Uralo-Siberian languages

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Uralo-Siberian is a hypothetical language family consisting of the following language families:

  • Uralic
  • Yukaghir
  • Chukotko-Kamchatkan
  • Eskimo-Aleut


Structural similarities between Uralic and Eskimo-Aleut languages were observed early. In 1746, the Danish theologian Marcus Wöldike compared Greenlandic to Hungarian. In 1818, Rasmus Rask considered Greenlandic to be related to the Uralic languages, and presented a list of lexical correspondences. (Rask also considered Uralic and Altaic to be related to each other.) In 1959, Knut Bergsland published the paper The Eskimo-Uralic Hypothesis, in which he, like other authors before him, presented a number of grammatical similarities and a small number of lexical correspondences. In 1962, Morris Swadesh proposed a relationship between the Eskimo-Aleut and Chukotko-Kamchatkan language families. In 1998, Michael Fortescue put all the strings together in his book, Language Relations across Bering Strait.



The consonant inventories of the reconstructed protolanguages of the four Uralo-Siberian families show similarities which invite comparison, such as the single set of voiceless stops matched by a set of nasals at the same places of articulation, and a set of consonants usually reconstructed as voiced fricatives at some of these places. Fortescue (1998:129 ff.) reconstructs the following.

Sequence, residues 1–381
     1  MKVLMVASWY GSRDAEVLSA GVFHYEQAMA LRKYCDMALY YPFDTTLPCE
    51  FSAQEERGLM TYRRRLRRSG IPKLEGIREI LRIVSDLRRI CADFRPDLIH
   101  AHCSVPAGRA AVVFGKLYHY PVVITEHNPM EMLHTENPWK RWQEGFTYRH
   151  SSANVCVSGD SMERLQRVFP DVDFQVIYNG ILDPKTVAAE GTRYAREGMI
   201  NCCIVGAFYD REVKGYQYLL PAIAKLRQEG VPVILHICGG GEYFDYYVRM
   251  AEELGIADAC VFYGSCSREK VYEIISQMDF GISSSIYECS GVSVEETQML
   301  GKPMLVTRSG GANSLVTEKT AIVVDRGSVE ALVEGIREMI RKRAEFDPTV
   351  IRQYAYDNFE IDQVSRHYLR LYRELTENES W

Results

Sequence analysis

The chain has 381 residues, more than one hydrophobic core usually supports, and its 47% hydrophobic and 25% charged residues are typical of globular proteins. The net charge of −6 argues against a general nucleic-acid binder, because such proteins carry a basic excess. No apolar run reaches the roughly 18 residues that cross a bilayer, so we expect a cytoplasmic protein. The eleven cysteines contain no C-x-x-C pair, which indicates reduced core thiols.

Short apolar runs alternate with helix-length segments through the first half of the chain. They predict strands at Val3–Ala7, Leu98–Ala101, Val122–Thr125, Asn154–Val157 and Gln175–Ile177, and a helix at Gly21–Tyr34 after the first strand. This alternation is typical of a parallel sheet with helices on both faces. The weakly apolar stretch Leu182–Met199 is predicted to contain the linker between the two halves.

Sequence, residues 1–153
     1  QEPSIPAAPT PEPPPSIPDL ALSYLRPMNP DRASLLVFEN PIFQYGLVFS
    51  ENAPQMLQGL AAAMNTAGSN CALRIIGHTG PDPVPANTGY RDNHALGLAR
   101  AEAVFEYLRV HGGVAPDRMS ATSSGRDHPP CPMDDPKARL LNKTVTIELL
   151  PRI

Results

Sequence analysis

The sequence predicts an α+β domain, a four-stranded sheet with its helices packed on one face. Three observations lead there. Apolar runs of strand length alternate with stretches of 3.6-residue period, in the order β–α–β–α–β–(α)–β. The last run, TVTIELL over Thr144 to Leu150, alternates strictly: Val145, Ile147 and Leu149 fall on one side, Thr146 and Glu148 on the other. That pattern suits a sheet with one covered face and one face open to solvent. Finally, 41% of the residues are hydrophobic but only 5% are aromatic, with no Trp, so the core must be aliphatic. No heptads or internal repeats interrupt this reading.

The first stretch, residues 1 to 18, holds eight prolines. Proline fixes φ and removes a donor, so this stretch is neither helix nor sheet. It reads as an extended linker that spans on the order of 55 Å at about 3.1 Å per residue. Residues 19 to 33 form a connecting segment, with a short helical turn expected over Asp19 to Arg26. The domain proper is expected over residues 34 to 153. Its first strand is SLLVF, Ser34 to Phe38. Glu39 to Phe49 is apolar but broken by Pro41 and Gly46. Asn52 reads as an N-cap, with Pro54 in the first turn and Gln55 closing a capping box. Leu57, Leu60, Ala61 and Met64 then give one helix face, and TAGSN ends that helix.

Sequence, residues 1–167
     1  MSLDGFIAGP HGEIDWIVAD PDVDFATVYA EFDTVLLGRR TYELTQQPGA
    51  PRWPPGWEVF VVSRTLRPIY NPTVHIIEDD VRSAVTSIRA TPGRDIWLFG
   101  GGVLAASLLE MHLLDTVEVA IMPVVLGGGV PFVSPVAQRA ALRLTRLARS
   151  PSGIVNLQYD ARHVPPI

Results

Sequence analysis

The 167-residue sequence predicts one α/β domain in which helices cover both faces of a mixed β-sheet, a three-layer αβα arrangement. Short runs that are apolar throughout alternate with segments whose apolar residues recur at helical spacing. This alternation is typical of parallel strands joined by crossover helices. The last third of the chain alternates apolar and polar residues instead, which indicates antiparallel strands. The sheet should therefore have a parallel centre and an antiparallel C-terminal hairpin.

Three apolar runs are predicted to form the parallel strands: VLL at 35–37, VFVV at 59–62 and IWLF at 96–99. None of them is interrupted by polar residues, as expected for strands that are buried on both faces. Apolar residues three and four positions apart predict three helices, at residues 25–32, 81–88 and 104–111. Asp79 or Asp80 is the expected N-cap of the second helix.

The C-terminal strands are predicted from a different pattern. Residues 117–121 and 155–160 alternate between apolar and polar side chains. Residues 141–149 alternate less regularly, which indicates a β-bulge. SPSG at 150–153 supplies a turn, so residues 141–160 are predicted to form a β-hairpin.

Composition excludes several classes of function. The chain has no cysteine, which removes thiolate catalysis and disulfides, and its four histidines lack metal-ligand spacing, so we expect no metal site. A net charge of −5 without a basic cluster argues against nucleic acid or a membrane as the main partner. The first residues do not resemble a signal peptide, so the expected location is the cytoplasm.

Labial Alveolar Palatal Velar
Stops *p *t *t' *k
Voiced fricatives *v *ð'
Nasals *m *n *n'
Affricates   *c    
Sibilants   *s *s'  
Laterals   *l (*l')  
Glides *w *r *j  


  Front Central Back
Close *i (*ü)   (*ï) *u
Mid *e *o
Open   *a

Sound correspondences

Uralic Yukaghir Chukotko-
*p *p *p-/-w- *p *p
*t *t *t-/-ð- *t *t
*t' *c *c' *t *t'
*k *k *k-/-ɣ- *k/q *k/q
*v *w *w *v *v
*ð' *ð' *ð/l' *(l') ð/l/Ø-
*ɣ/w *ɣ/R *ɣ/R
*m *m *m/-w- *m *m/-w-
*n *n *n/n' *n *n
*n' *n' *n/n' *(j) *n'
*s *s *l-/j-/Ø Ø Ø
*s' *s'/c' *s'/c' *c/l s'
*c *c *c'/-c- *c *c
*l *l *l/l' *l *-l-/Ø-
*l' *(l') *l/l' *(l') *(-l'-/Ø)
*r *r *r *r *l
*w *w *w *w -v-(Ø-)
*j *j *j *j -j-/Ø-
*a *a/ï *a/e/ï *æ~a *a
*e/a *æ~a *a
*e *e *e *i~e *i
*i *i *i *i~e *i
*o *o *o *u~o *u
*u *u/ü  ? *u~o *u


Apparently shared elements of Uralo-Siberian morphology include the following:

*-t plural
*-k dual
*m- 1st person
*t- 2nd person
*ka interrogative pronoun
*-n genitive case

Uwe Seefloth reconstructed a verbal paradigm for Uralo-Siberian on Samoyedic and Eskimo-Aleut data.


Fortescue (1998) lists 95 lexical correspondence sets with reflexes in at least three of the four language families, and even more shared by two of the languages. Examples are *ap(p)a 'grandfather', *kað'a 'mountain' and many others.


  • Knut Bergsland (1959) The Eskimo-Uralic hypothesis. Journal de la Societé Finno-Ougrienne, 61, 1-29.
  • Michael Fortescue (1998) Language Relations across Bering Strait. ISBN 0-304-70330-3.

This article is derived from the Wikipedia article.